Radlum said...

Finally got to read Ultimate X; I disliked Mystique and Sabretooth's appeareance because of the implication that Loeb wants to continue the ending of Ultimatum (Quiksilver and possibly Wanda being the masterminds behind everything) but overall it was...good, quite good, not the best I've read this week (hard to accomplish considering SHIELD was awesome as expected) but it was nice to see Loeb giving "Karen" an interesting development, simple but effective, I'm eager to see if he can make it for the third time with next issue.
By the way, what is going on with that cover? The anatomy and position of the character looks too wierd, reminds me of any 90s Liefeld-inspired female character design.

Ryan K Lindsay said...

@Dickey - yeah, Hickman mentioned in interviews that Galactus came in the ten lost days, but that's not stipulated in the comic, so I can see people getting it wrong, which just makes me feel that people should have some faith in Hickman. He's not a dumb man, at all, so I'm willing to go along for the ride. If people put half of their intellect into useful creation instead of destructive criticism man we'd living on the moon already, ha.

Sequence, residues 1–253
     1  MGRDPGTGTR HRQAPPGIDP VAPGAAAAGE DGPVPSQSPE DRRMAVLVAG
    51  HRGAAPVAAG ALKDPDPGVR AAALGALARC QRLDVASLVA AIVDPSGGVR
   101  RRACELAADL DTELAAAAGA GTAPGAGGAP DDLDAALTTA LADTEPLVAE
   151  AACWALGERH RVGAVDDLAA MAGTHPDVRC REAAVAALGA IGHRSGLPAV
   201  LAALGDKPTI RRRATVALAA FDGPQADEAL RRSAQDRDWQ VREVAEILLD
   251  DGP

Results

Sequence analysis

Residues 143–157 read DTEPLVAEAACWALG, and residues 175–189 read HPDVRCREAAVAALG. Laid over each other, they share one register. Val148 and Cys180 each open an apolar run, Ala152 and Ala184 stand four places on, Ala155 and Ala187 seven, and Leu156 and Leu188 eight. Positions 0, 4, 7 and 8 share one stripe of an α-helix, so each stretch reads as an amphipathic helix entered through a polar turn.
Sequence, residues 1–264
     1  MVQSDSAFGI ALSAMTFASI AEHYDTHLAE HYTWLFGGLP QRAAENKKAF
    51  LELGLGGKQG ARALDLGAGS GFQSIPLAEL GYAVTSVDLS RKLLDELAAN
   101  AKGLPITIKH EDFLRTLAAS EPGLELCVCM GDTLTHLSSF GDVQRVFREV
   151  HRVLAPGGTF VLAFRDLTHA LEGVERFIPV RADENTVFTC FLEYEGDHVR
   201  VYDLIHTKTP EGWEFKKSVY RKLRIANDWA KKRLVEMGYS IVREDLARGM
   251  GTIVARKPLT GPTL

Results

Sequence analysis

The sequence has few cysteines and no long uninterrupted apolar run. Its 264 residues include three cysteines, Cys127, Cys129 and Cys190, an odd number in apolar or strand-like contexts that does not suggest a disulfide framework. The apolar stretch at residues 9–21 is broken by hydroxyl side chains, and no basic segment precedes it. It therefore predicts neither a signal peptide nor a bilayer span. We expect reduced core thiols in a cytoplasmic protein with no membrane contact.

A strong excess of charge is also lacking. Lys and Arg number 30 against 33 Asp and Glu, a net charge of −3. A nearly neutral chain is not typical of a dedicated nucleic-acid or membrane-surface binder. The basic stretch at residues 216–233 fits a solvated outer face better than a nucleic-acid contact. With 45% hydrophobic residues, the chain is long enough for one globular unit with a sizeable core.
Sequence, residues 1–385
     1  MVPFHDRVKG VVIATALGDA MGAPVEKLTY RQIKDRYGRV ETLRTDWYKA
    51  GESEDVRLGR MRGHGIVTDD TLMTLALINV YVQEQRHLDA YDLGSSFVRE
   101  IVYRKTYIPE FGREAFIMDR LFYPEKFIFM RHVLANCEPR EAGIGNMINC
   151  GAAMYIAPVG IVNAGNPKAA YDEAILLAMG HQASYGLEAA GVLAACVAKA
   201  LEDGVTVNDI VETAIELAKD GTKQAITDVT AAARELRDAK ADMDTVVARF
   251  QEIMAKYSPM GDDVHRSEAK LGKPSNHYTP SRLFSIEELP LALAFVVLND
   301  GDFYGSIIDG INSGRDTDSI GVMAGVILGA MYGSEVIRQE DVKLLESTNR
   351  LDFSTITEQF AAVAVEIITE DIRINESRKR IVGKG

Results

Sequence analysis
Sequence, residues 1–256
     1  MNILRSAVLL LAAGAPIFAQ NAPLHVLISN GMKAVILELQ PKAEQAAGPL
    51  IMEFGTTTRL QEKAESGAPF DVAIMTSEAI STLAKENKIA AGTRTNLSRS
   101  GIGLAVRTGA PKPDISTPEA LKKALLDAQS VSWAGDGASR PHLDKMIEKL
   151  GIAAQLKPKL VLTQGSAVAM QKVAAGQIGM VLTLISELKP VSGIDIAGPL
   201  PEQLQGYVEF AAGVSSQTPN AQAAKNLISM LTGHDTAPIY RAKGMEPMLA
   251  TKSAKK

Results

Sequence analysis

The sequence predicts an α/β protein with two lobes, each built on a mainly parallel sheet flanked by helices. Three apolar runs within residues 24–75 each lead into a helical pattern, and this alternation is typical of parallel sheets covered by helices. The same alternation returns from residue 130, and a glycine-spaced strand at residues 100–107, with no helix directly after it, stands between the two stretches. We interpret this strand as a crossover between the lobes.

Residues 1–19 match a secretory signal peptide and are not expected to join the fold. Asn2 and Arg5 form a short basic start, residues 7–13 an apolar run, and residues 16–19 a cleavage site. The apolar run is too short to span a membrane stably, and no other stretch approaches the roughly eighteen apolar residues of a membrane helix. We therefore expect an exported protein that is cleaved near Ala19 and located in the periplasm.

Anonymous said...

There are so many Ryan's here. Anon will come out of hiding if you give him a guess review next week or whenever the next Morrison comic comes out.

One thing you can't argue: When Morrison steps on water, the water holds.

Ryan Schrodt said...

So you want us to reward dickery? Yeah, that'll happen.

Jack Santino said...

Ryan, the monthl Jonah Hex could use the sales...

brandon said...

The irony is that if Morrison knew (or met) any of his devoted followers he'd probably hate them and wish them dead.

I'd like to see an experiment where Loeb writes an issue of Batman and Robin under Morrison's name and see where the Morrison lovers stand on that one.

What I want to know is how come no one comes to Greg Land's defense when Ryan S crushes him. LOL

Lucho said...

@brandon maybe you´re right about Morrison and his fans but the truth is the fans doesn´t matter the writer matters.

I´m a big fan of Morrison´s Batman run until R.I.P. After Final Crisis it´s not the same because I don´t care about Dick Grayson and I don´t care if he dies. He´s just not Batman. Still B&R latest arc and the current one are a great read. Why? Because they are Bruce-related.